In accordance with the present invention, one surface of the body of the slat 12 is covered with a tape or sheet 20 having a flexible body 22 composed of suitable sound deadening and heat insulating material. The body of the tape is of the same length and width as the body of the slat and is provided with a coating of adhesive 24 on its bottom surface as viewed in FIG. l, whereby the tape adheres to the surface of the body of the slat. The body of the tape is formed with elongated slits 26 extending centrally and inwardly from each end edge of the body, each slit terminating at its inner end in a round hole 28, intersected by the slit. The slits permit the tape to be superimposed on the slat during assembly and the holes accommodate the ropes 30 of the venetian blind when assembled. The tape is applied facewise directly to the surface of the skin of the slat. When the tape 20 islso attached to the slat, the tape serves to absorb and dissipate the exural vibrations of the body of the slat. The tape is thermally an insulator of heat and cold and is acoustically effective. When the slat exes under vibratory forces with the tape attached thereto, such exures effect temporary distortion of the tape material causing such material to do considerable work. This working dissipates the flexural and other vibratory energy of the slat and thereby minimizes sound transmission through the slat.
The tapes 20 are preferably produced and marketed in the form of individual rectangular shaped planar sheets of predetermined lengths and widths as shown in FIG. 2 for individual facewise application to the slat to be protectively or dampingly faced olf. Ay pair of paper backing sheets 30 and 32 is shown placed end to end over the adhesive coating 24 to protect the adhesive until used. The adjacent ends of the backing sheets 30 and 32 are turned back and folded forming integral flaps 34 and 36, respectively, to be grasped by the lingers of the hand of the operator for tearing the backing sheets olf when the tape is to be used.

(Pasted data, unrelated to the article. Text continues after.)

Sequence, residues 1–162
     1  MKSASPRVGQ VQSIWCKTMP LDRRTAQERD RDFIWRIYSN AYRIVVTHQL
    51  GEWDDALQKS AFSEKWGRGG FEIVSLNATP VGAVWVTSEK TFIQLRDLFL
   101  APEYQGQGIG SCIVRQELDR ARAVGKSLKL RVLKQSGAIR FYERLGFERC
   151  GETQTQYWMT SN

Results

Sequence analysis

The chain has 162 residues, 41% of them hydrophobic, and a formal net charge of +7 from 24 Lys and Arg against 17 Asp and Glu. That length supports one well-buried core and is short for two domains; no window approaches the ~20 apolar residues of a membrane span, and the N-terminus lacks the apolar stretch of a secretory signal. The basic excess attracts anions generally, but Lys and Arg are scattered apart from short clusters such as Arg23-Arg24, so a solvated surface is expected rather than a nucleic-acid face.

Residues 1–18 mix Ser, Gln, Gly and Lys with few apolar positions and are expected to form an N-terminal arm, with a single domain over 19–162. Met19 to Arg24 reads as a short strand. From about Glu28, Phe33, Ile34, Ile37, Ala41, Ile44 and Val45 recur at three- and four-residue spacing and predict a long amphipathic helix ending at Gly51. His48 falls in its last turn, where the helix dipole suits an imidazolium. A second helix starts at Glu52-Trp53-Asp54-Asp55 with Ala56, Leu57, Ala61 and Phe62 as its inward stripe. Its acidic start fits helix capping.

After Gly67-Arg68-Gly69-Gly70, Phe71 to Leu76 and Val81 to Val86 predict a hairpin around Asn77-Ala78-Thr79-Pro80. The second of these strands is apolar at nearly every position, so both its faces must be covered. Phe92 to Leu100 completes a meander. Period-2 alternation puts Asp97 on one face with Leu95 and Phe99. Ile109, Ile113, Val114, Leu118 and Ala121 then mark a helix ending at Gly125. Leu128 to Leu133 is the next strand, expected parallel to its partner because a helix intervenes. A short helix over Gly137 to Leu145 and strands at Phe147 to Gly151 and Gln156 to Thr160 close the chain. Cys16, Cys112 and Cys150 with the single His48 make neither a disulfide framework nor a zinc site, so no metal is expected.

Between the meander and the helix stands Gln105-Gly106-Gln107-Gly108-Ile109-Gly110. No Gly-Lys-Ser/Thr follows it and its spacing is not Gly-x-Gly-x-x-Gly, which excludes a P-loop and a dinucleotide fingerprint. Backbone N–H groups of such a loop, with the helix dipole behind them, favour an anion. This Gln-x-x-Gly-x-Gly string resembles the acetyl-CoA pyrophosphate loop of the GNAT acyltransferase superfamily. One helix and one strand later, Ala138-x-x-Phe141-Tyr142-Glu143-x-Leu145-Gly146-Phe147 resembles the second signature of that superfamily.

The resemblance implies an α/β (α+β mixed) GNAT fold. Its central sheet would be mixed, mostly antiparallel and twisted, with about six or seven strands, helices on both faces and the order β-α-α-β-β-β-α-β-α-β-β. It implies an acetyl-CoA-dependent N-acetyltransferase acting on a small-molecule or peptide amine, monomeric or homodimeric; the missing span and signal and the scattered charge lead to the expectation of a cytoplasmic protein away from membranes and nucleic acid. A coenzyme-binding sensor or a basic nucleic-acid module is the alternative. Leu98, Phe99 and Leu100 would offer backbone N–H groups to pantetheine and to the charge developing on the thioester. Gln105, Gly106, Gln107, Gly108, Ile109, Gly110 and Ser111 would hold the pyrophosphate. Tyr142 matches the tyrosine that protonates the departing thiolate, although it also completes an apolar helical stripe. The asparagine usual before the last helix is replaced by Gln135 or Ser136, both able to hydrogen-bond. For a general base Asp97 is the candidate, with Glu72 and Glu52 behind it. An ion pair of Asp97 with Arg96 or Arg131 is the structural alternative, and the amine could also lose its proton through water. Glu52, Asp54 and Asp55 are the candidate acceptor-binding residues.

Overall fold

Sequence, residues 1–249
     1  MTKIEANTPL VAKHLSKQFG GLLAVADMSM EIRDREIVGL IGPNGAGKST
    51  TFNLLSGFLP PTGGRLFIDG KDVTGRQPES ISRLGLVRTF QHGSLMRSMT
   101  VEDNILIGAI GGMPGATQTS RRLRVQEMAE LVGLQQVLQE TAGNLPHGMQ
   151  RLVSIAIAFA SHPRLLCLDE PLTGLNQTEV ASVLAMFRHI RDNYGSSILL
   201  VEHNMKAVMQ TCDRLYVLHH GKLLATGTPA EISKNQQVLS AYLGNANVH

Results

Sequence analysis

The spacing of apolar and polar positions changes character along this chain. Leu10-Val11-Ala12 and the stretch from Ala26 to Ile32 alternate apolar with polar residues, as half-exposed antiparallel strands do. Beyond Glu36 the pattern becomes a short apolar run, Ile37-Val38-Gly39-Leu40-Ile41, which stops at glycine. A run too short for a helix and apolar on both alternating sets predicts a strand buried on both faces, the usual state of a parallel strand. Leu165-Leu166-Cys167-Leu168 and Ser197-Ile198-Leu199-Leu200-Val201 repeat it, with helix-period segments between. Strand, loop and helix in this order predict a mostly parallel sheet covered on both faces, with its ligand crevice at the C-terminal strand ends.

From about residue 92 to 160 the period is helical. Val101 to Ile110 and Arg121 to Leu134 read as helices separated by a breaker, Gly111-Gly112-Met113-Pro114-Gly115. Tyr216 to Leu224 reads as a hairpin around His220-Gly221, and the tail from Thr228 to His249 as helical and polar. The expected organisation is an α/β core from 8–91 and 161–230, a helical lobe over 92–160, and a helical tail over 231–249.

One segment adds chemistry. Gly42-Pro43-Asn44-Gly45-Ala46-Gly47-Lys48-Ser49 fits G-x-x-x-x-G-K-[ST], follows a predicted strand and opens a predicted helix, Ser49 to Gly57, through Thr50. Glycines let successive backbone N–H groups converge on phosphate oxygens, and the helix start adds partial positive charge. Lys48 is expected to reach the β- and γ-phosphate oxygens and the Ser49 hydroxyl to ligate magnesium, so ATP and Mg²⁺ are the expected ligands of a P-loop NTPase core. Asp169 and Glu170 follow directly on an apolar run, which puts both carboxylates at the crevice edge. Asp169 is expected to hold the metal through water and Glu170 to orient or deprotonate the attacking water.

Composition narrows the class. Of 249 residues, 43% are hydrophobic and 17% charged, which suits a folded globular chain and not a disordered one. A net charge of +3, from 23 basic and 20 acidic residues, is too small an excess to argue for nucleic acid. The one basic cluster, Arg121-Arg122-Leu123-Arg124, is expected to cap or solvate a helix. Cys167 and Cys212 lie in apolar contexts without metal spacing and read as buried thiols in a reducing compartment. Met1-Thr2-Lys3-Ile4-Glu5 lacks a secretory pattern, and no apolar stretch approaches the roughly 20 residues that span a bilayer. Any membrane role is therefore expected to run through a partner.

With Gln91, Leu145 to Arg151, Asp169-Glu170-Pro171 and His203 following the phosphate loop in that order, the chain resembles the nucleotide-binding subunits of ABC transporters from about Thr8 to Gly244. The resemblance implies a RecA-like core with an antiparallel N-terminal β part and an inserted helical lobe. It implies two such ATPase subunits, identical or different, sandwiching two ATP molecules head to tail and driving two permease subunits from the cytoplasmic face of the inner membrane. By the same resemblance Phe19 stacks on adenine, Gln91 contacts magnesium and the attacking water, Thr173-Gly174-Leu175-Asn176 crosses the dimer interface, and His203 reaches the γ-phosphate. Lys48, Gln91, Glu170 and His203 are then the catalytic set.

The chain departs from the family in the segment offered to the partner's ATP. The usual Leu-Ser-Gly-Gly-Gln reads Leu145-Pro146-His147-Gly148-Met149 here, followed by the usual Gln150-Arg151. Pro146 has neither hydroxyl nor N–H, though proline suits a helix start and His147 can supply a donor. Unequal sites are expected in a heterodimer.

The invention also contemplates supplying the tapes in the form of a roll 38 as shown in FIG. 5 with the individual tapes 20" marked 01T by transverse dash lines indicated at 40 to be cut by a tool for separating the tape 20 from the roll.
In assembling the slat 12, the backing sheets 30 and 32 are removed from the adhesive coating 24 of the body of the tape 20 and 2,0", the tape superimposed over the top surface of the slat 12 and pressed down thereagainst, with the slits in the ends of the body of the tape swung against the ropes 14 of the venetian blind 10 thereby forcing the material of the tape apart and positioning the ropes in the holes 28 in the ends of the tape.
The exact reason for the sound damping or deadening action or the thermal insulating action of the tape of the present invention has not been fully ascertained. It appears however that the sound deadening and thermal insulating tapes exert their sound deadening and thermal insulating effects by reason of collision of intermittent contact with vibrating portions of the slats.
In FIGS. 7 and 8, the tape 20 embodying a modiied form of the invention is shown for use in sound dampening and heat insulating a slat 12". The tape 20 comprises an elongated rectangular sheet of sound dampening and heat insulating material folded lengthwise upon itself forming two sections or portions 44, 44 joined by a curved portion 46. The curved portion is formed with a series of closely spaced holes 48 to facilitate bending of the material to form the tape. Each section of portion 44 is 3 formed with a slit 26" centrally of each end, the slit terminating in a hole 28". The inner surface of each section or portion 44 is coated with adhesive 24".